miR-145 was down-regulated in GH-secreting pituitary adenomas as compared to normal pituitary. Amaral et al.  observed that miR-145 was down-regulated in 11 samples of corticotropinomas, suggesting a possible role of miR-145 in carcinogenesis. The potential target genes of miR-145 encode oncogenic proteins, such as myc, kras, fos, yes, fli, cyclin D2, and MAPK transduction proteins . miR-145 targets the insulin receptor substrate-1 (IRS-1) and miR-151-3p targets the insulin receptor substrate-4 (IRS-4), which regulated cell communication, receptor and membrane activities. Furthermore, Shi et al.  demonstrated experimentally that miR145 targeted IRS-1 and had a profound biological effect on human colon cancer cells. IRS-1, a docking protein for both the type 1 insulin-like growth factor receptor (IGF-IR) and the insulin receptor, is known to transmit a mitogenic, anti-apoptotic, and anti-differentiation signal.
Some of the miRNAs in our study, such as miR-769-5p, miR-885-5p, miR-886-5p and miR-890 are newly discovered in pituitary adenomas samples because the new array contains more capture probes and their functions are unknown . The differentially expressed miRNAs are correlated with adenoma characteristics. In this study, the sample size is relatively low, and 4 months of treatment is relatively short. However, it must be emphasized that our studies represent promising preliminary results. Therefore, further studies are needed to predict up-regulated or down-regulated miRNAs target genes and their correlation with GH-secreting pituitary adenomas characteristics.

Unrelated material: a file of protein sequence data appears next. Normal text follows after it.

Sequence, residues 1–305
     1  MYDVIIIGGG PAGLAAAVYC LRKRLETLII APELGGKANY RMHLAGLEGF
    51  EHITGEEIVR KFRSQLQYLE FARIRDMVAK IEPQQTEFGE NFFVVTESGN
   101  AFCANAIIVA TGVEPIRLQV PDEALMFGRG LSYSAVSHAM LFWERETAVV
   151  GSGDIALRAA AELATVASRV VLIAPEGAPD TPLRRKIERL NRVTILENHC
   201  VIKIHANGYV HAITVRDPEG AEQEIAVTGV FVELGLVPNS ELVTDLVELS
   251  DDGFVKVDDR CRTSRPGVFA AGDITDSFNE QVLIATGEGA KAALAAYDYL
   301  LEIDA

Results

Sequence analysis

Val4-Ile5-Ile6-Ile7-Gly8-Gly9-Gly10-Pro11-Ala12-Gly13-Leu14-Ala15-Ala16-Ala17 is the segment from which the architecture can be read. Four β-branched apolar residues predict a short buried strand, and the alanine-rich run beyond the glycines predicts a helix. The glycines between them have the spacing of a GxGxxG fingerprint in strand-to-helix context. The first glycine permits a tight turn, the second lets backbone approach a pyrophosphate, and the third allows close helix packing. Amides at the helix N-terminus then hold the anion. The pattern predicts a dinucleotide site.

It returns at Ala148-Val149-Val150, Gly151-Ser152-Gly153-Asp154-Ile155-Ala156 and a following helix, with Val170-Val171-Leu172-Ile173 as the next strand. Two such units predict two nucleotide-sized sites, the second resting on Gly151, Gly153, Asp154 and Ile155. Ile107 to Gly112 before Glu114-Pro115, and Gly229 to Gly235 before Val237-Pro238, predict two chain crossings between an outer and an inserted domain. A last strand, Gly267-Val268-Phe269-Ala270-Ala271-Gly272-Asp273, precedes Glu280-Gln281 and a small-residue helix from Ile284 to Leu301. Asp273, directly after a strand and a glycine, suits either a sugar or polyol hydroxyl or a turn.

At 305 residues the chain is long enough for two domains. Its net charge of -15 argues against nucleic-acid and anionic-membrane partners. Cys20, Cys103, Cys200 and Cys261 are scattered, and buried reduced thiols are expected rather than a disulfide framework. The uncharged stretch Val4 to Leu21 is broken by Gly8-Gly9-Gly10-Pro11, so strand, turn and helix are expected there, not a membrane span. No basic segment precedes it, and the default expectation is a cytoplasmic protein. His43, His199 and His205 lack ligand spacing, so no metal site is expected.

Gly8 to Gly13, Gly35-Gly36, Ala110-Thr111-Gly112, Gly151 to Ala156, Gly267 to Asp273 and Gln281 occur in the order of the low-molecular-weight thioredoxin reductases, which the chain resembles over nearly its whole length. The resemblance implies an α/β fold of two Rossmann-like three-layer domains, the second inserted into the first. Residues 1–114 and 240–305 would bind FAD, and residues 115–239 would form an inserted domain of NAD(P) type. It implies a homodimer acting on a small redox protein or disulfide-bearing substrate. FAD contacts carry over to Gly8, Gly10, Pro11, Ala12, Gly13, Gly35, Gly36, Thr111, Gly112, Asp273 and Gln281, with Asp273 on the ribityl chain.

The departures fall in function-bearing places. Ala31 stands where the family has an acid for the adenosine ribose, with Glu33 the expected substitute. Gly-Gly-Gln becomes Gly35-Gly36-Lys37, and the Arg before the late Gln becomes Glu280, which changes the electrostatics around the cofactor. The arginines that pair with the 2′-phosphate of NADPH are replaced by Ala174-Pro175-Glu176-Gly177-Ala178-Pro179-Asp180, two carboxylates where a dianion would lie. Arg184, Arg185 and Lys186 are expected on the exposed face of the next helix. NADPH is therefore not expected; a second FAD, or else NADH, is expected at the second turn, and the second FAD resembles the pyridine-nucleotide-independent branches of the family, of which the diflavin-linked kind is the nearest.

In conclusion, our results indicated that altered miRNAs expression may be involved in GH-secreting pituitary adenomas transformation. Furthermore, some differentially expressed miRNAs are associated with tumor diameter, lanreotide treatment, and responsiveness to SSA. These results will facilitate our understanding on mechanism of SSA treatment for acromegaly. Further studies are needed to predict the up-regulated or down-regulated miRNAs' targets and their partner factors in pituitary adenomas. Studying the targets of deregulated miRNAs may elucidate molecular mechanisms involved in pituitary adenoma pathogenesis.
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This study was supported by National natural science foundation of China (No: 30971538), and Natural science foundation of Guangdong Province (No: 9151140004000001 and No: 10151008901000176).
The authors declare that they have no competing interests.
ZGM carried out the research studies, participated in the drafting of the manuscript. DSH and JZ carried out the immunohistochemical studies and detection of miRNAs expression and data analysis. BY participated in the design of the study. YHZ and HJW conceived of the study, helped draft the manuscript and participated in its design and coordination. All authors read and approved the final manuscript.
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Additional file 2: Figure S1. Diagnosis of GH-secreting pituitary adenoma with H&E and immunohistochemical staining. Panel A indicated the microphotographs with H&E staining for growth hormone pituitary adenoma sections. A strong and diffuse acidophilic staining was shown in the cytoplasm of tumor cells. (original magnification, 200×). Panel B indicated microphotographs of immunohistochemically stained tumor sections, the tumor shows strong and diffuse staining for growth hormone antigen (original magnification, 400×). (JPEG 4 MB)
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Mao, ZG., He, DS., Zhou, J. et al. Differential expression of microRNAs in GH-secreting pituitary adenomas. Diagn Pathol 5, 79 (2010). https://doi.org/10.1186/1746-1596-5-79
- False Discovery Rate
- Pituitary Adenoma
- Growth Hormone Secretion